This court has also held that the failure to comply with Crim.R. 4(E)(2) or R.C. 2935.05 does not invalidate a subsequent conviction. State v. Sampson (1982), 4 Ohio App.3d 287, 288. See, also, State v. Johnson (Mar. 27, 1981), Belmont App. No. 80B8, unreported, 4 (stating that a detention with unnecessary delay prior to the filing of a complaint is not condoned but will be tolerated where there is no exploitation of the detention). Although we have previously inquired into the concept of unnecessary delay, we only reached this inquiry in cases where the defendant sought suppression of incriminating statements or identification made during the delay. Id .; State v. Blackmon (Sept. 27, 1982), Mahoning App. No. 81CA13, unreported, 2-3; State v. Austin (Apr. 16, 1981), Mahoning App. No. 80CA81, unreported, 3 (stating that if the issue of unnecessary delay arises in a motion to suppress, each case should be determined on a case-by-case basis).
The aforementioned cases involved defendants who were incarcerated during the delay, whereas appellee posted bond and was released after booking. Since she was not in detention during the Monday to Thursday delay, she is even less affected than the incarcerated defendants above. The case at hand is not one where the defendant made incriminating statements or was identified in a line-up during the delay. Nor is there an allegation that defense evidence dissipated during the Monday to Thursday delay which could not be collected due to a lack of awareness of the nature of the charge. In fact, appellee did not even allege the existence of prejudice to her defense as a result of the delay between her arrest and initial appearance, and we cannot fathom how prejudice could have arisen between Monday and Thursday in a case such as this one. Appellee was arrested after allegedly selling alcohol on a Sunday at a bar that lacked a Sunday permit. After being booked, she posted bond for the fourth degree misdemeanor. It is highly unlikely that this bail money would have been returned at the initial appearance. Moreover, her attorney admits that he told the state on Monday that he could not return to court on appellee's behalf until Thursday at the earliest. (Appellee's Brief at 1). It is reasonable to assume that the initial appearance and the filing of the complaint could have occurred on Tuesday if appellee's attorney did not have a scheduling conflict. Hence, at least part of the delay was consensual.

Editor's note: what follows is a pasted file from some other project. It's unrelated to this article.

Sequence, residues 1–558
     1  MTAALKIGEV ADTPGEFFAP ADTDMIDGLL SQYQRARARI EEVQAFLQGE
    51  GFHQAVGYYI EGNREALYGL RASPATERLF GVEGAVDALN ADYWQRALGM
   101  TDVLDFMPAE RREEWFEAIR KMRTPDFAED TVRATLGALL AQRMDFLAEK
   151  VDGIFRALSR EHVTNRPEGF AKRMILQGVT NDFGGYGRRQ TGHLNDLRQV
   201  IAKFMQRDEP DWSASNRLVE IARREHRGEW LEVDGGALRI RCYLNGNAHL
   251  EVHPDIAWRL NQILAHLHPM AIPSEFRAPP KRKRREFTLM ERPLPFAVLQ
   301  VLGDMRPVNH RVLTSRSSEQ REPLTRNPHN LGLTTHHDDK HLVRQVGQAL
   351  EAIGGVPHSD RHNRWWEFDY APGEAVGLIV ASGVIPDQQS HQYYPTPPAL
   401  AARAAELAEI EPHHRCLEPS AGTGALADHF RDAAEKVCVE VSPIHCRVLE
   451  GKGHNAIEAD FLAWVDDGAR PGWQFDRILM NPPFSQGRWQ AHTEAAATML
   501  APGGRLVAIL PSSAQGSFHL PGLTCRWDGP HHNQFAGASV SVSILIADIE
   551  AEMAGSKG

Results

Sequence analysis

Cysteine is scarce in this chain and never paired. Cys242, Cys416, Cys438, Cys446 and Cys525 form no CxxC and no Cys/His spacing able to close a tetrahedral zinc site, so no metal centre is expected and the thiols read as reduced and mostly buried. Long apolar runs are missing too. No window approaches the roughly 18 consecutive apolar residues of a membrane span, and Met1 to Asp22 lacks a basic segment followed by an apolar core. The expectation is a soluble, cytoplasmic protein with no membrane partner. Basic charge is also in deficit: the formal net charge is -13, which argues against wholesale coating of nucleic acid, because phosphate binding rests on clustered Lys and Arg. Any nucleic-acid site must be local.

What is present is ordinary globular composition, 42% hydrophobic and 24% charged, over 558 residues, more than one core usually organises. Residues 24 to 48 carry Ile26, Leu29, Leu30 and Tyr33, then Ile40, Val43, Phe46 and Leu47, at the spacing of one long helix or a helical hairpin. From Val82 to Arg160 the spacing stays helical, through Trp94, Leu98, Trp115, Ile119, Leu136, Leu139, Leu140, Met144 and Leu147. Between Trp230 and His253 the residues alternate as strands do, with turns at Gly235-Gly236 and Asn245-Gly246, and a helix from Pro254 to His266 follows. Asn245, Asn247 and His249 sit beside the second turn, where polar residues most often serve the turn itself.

The case law clearly states that an unnecessary delay will not per se invalidate a conviction. Appellee contends that cases which refuse to invalidate a conviction that has already been rendered are different than her case where the court dismissed her charge prior to trial. However, we disagree. Crim.R. 4(E)(2) does not require dismissal of the charges in all cases of delay, even where the delay is unnecessary. Upon proper showing of prejudice in the form of a constitutional infringement, suppression of an incriminating statement or an identification may be an available remedy. Hill , 64 Ohio St.3d at 321. However, none of those factors are at issue in the present case. Dismissal may possibly be proper where evidence of an obviously transitory nature was lost as a result of an unnecessary delay in a case where the defendant is unaware of the reason for arrest and thus could not direct the collection of favorable evidence. However, in the present case, where not one indication or allegation of prejudice existed, dismissal was not an option for the court. Accordingly, the trial court erred when it dismissed the charge against appellee.
For the foregoing reasons, the judgment of the trial court is hereby reversed and this cause is remanded to the trial court for further proceedings according to law and consistent with this court's opinion.
______________________ VUKOVICH, J.
Cox, P.J., dissents; see dissenting opinion.
Waite, J., concurs.
I must respectfully dissent from the decision reached by the majority in this case.
If the State violates Crim.R. 4(E)(2), what can a trial court do? The result reached by the trial court in dismissing the charge against appellee was the only recourse available to it. In reversing the trial court's decision, the majority is denying the trial court the right to dismiss the late filing of a complaint by the State. Such action essentially eliminates the need for Crim.R. 4(E)(2), in that if it has no penalty, it has no effect.
I do not believe that it is within the province of an appellate court to have to determine that a five-day delay in the filing of a complaint by the State is reasonable, while a 150-day delay is unreasonable. Such determination is not required as Crim.R. 4(E)(2) mandates that the State shall bring charges without unnecessary delay. To me, such language indicates that if there is a delay, it is up to the State to explain the reason the delay is necessary and the cause of the delay. Otherwise, there would not be any need for Crim.R. 4(E)(2).
As such, I would affirm the decision of the trial court, dismissing the charge against appellee pursuant to Crim.R. 4(E)(2).